Monday, April 12, 2010


The Evolution of Woo

Deepak Chopra is at it again.

After explaining that red colobus monkeys and their cousins, the white-and-black colobus, subsist on a diet of tree leaves high in cyanide and explaining that bacteria in their intestines help neutralize the toxin, he then goes on:

Yet in the process the colobus has bad indigestion — as the narrator intones, "They don't seem to like their diet very much." And indeed, the monkeys on camera look listless and sour-faced.

But the red colobus recently made a life-altering discovery. They found that if they eat a bit of charcoal from the abandoned fires of local villagers, their indigestion is cured. This had made them happier monkeys, and as a result their numbers have dramatically increased; not only that, but they are free to explore other food sources. These advantages aren't felt by the white-and-black colobus, who haven't hit upon the charcoal-eating trick. New generations of red colobus learn the habit by having it passed on from mother to child.

It's amazing how much critical knowledge is contained in this one anecdote. Self-medication is well known, but here the red colobus has hit upon the same property in charcoal that emergency room doctors use when a patient arrives with acute poisoning. Medical science is able to explain how charcoal absorbs toxins in the stomach. Monkeys can't explain anything or do laboratory research. It is completely untenable to claim that they eat substances at random until they hit upon just the one perfect remedy — such random behavior isn't seen among them. Nor is the behavior genetic, because native tribes moved into the vicinity of the colobus and lit fires only recently compared to the 40 million years that monkeys have existed.

What we are witnessing is an intelligent discovery on the part of creatures who stand far below Homo sapiens on the evolutionary chain, and that discovery is being passed on from mother to child without genetic adaptation. To me, this means that quite a blow has been struck for intelligence being innate in the universe. It suggests that evolution itself has never been random but is guided by the principle of intelligence — not "intelligent design," which is a red herring supplied by religious conservatives. The intelligent universe is a cutting-edge idea, not a throwback to scripture. As a theory, it gives us a much more elegant explanation for many things that are clumsily explained by falling back on randomness to explain every new development in Nature.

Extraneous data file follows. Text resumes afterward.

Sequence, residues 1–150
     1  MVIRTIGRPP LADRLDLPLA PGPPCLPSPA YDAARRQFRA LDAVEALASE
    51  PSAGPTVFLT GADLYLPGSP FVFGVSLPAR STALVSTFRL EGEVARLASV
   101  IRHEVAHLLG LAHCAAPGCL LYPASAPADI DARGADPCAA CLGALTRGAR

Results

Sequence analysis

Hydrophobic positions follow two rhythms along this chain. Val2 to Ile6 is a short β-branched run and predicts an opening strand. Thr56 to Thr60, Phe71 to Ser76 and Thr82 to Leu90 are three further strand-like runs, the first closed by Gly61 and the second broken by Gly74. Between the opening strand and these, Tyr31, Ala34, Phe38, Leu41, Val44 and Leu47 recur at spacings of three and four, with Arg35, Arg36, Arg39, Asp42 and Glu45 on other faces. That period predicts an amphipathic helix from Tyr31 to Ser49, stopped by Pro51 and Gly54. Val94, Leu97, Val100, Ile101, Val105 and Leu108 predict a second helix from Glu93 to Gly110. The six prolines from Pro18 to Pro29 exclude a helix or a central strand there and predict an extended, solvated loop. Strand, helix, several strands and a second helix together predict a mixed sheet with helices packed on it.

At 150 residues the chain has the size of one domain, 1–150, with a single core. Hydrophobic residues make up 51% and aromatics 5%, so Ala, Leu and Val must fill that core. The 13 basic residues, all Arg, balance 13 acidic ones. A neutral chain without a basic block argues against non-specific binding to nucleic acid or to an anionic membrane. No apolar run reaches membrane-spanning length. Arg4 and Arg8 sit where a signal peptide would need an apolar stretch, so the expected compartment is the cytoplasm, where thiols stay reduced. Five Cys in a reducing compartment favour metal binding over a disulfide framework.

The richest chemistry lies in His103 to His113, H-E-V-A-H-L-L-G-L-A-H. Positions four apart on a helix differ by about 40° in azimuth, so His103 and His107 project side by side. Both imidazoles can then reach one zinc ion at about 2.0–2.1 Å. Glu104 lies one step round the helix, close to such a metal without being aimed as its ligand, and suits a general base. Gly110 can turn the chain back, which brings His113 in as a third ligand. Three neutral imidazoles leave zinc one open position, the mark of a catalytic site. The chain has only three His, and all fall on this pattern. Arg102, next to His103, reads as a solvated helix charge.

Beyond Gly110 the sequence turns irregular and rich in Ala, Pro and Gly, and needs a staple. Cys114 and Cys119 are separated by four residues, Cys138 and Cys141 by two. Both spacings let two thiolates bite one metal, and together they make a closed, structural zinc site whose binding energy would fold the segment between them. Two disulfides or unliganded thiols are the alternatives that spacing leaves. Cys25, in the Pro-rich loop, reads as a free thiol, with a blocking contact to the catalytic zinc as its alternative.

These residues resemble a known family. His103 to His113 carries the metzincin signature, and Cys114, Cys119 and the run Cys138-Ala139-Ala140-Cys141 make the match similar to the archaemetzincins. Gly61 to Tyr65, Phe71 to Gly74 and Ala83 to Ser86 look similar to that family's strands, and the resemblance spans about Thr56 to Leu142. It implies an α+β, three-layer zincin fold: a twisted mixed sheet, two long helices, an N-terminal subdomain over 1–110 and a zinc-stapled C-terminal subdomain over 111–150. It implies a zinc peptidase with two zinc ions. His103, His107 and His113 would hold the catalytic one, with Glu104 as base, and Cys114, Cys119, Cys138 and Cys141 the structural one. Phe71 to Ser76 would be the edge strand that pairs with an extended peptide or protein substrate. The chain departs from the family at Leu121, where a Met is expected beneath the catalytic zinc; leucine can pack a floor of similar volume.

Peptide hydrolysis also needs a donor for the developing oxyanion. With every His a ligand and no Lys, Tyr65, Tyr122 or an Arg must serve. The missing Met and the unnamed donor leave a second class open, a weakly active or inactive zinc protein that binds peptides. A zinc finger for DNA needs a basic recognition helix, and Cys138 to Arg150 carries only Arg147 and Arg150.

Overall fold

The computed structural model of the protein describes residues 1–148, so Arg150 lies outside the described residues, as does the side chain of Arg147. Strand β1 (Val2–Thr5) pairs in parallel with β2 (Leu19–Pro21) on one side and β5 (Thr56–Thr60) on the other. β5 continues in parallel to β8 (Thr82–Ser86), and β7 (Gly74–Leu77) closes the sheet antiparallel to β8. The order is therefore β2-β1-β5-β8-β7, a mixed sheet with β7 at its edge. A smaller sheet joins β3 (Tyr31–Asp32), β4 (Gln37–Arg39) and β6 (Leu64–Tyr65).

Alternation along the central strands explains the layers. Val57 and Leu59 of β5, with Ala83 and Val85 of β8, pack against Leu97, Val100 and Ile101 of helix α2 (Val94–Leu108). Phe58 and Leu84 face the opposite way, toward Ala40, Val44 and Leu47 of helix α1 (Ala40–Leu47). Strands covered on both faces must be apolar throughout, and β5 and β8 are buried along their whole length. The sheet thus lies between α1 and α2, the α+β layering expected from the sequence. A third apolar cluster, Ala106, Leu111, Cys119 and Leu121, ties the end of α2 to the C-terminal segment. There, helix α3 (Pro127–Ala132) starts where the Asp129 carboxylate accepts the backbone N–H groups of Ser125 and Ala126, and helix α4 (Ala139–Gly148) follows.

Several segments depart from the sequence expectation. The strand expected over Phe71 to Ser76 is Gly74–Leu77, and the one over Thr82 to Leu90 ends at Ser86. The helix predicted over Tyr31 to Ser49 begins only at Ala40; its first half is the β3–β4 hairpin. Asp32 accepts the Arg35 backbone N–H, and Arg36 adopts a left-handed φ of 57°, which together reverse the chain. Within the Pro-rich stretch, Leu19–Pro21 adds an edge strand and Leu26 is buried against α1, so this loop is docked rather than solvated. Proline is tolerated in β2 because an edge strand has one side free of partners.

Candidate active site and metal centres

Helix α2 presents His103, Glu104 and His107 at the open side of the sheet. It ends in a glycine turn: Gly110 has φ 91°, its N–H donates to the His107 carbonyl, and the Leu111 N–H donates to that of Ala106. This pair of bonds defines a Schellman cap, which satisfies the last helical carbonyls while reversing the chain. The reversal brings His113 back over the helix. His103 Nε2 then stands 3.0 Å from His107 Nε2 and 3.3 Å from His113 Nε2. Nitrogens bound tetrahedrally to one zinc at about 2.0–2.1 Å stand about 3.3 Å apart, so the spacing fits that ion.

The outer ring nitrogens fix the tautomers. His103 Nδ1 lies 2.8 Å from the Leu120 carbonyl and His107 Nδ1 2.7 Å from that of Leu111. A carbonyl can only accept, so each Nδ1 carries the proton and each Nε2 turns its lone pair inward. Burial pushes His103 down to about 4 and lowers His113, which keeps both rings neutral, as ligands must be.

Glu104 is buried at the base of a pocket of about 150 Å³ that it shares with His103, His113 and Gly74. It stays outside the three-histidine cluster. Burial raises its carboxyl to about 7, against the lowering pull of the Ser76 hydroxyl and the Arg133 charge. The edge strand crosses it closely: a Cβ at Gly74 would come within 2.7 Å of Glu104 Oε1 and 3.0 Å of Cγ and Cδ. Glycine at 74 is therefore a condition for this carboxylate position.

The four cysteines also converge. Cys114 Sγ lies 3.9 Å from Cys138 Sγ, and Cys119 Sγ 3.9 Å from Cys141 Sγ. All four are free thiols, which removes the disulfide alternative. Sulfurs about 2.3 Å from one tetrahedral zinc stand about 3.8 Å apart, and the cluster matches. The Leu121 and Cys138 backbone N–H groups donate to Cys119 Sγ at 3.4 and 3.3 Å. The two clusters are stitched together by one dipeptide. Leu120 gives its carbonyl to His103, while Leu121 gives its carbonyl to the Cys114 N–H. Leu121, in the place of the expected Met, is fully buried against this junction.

At the moment, evolutionary theory refuses to abandon the notion of random selection, and geneticists cling stubbornly to the doctrine of random mutations to explain why new things appear in the unfolding story of life. We all have a stake in this argument, however. Seeing the red colobus evolve before our eyes cannot be denied. It didn't happen randomly, and their new discovery represents a quantum leap forward in their survival. There's much to think about here, since we want to know how early humans made their first discoveries and passed them on to us. Rather than saying that a larger brain made intelligence possible, why not say the opposite, that intelligence dictated a larger brain so that it could expand? Life moves forward inexorably, no one doubts that. Now it's up to us to explain the hidden forces behind evolution, in hopes that we can tap those forces and guide our own future.

The main problem here, of course, is the notion of the "Great Chain of Being." Since monkeys cannot "do laboratory research," therefore they are too dumb to make a discovery. One wonders how Chopra thinks "folk medicine" arose ... oh, never mind, he'd explain it the same way. No doubt he'd also explain how the bacteria "learned" to neutralize cyanide and how the monkeys "learned" how to get the bacteria in their guts the same way.

But it is amusing to contemplate how Chopra thinks he knows enough about colobus monkeys from one episode of the PBS program, Nature, to be able to proclaim that "random behavior isn't seen among them," without which his musings are revealed as mere babble. Not to mention just how he explains why the Universal Mind doesn't like the white-and-black colobus monkeys.

Hmmm. I thought the main problem in the piece was "Life moves forward inexorably, no one doubts that." a falsehood buttressed with a lie.

But, of course, any piece of such length from Chopra is a target-rich environment for those looking to point out daft ideas so that there's something for everyone!

Oh, and I quite liked "random selection" for packing so much ignorance about evolution into so few words.
I thought the main problem in the piece was "Life moves forward inexorably, no one doubts that."

But that is the "Great Chain of Being."
I don't think so. The GCB is inherently static, setting out a hierarchical ranking of all living things (and non-living, IIRC). In such a hierarchy, life can't 'move forward inexorably' or otherwise.

Chopra is going with a progressivist form of evolution (swapping out natural selection, random genetic drift et al. for various bits of woo). I can't be bothered to work ouw whether he's talking about a Teilhard de Chardin sort of thing with the highest forms (us) rising ever higher or the sort where all life forms strive to improve (the kind of thinking that drives 'So why are there still monkeys?').

Mike from Ottawa
Yes, he's closer to Lamarck's version of the Chain, with life being on a sort of escalator but he asserts that monkeys are "below" us and all life is progressing, so they will stay there. Living organisms are static relative to each other because they are all "progressing" under the Universal Mind's plan.
I will be impressed with Chopra's argument after I see a rock eating charcoal.
I will be impressed with Chopra's argument after I see a rock eating charcoal.

Wait a minute! ... doesn't that describe Chopra?
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